This slogan is appropriate for all caring organisations, although in this case I have taken it from a campaign to save hedgehogs. This Christmas, staff at Kaleidoscope have decided to support Liz Sivewright, who is a nurse in our Gwent team, but also a Hedgehog rescuer. Liz volunteers at the Hedgehog Helpline (HH), whose aim is Rescue, Rehabilitate and Release orphaned and injured hedgehogs. HH are a voluntary hedgehog rescue organisation operating in South-East Wales, which depends on the goodwill of volunteers and local vets together with donations from the public. In order to help Liz in her work with the hedgehogs, Kaleidoscope staff are being encouraged to bring a can of cat food to the Kaleidoscope Awards Event on December 10th. Why cat food? Because that is what little injured hedgehogs like to eat when they are staying at Liz’s house.
In our own services we often rescue people, an unpopular word in many ways but often apt. Alcohol and drug use can cause people harm and for those it does, there is a need to provide rescue services.
The rescue can involve relatively minimal interventions, in the case of a hedgehog it may be providing food for a limited time in ones garden. A person experiencing problems with drugs or alcohol may actually simply need a brief intervention where they understand what triggers behaviour that puts them at risk and then learn simple techniques to avoid that. Sometimes of course, rescuing is more dramatic and may need hospitalisation in the same way that a hedgehog that is severely undernourished or had an accident will need a vet and a place to stay. A number of people seeking our help suffer from domestic violence; they are being bullied due to their mental health, while others are suffering from post traumatic stress. They either need our help or other carers who have expertise relevant to their issues.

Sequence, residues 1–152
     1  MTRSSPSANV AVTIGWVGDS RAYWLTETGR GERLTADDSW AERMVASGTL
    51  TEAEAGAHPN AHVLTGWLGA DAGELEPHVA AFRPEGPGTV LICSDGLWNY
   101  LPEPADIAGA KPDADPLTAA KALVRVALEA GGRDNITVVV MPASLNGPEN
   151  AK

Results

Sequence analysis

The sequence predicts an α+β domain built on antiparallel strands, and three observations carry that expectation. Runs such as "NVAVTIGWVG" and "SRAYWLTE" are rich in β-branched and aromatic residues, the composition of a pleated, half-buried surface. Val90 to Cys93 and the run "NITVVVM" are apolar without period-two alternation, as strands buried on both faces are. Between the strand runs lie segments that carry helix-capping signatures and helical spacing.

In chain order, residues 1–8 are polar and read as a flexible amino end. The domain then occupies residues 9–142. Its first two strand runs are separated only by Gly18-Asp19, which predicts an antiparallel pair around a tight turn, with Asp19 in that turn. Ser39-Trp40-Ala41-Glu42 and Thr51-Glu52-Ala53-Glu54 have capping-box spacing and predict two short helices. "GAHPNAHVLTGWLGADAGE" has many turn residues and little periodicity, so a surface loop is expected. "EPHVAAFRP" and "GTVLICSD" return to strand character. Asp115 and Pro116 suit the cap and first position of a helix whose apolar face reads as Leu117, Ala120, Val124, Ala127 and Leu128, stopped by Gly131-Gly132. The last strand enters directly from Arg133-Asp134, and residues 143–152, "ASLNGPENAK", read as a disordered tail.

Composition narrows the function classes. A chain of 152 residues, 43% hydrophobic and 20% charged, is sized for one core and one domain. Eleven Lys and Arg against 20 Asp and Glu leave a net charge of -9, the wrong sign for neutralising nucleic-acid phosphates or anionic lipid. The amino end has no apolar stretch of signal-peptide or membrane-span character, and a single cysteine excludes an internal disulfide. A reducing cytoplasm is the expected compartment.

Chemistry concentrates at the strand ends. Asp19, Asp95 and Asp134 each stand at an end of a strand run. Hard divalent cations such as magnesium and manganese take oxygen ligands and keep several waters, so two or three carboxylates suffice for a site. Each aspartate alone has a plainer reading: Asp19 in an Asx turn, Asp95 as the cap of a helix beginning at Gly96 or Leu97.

Rescuing is important but if you do not address the issues that may be dangerous, you offer no long term solution. So yes if someone has an overdose, Naloxone is critical and it is an act of a rescuer. In itself it is a good action but it is not designed to help with the causes that lead many people to take risks with their lives that may have led them to overdose. So rescuers often have to help people rehabilitate. In the case of a hedgehog it may be a change of environment, for people it may be the environment, but often it is helping people to address the emotional and physical issues they face.
The process of rehabilitation takes many different forms and sadly there is not one simple approach that works. What is critical is that we do not make people reliant on our treatment services. Our role may be to rescue and to rehabilitate but ultimately it is to release them to do what they will with their lives; I think this is the hardest part of treatment. A hedgehog is not a pet, it should not be held captive and should have its freedom. In providing treatment services we also have to let go of people to make their own decisions. It may be that they do become drug or alcohol free, they may work and make a fantastic contribution to their communities or they may simply learn how to live better with their drug and alcohol use and live with their demons. Freedom is about self determination and the creation of one’s own networks where one is not reliant on professionally made communities.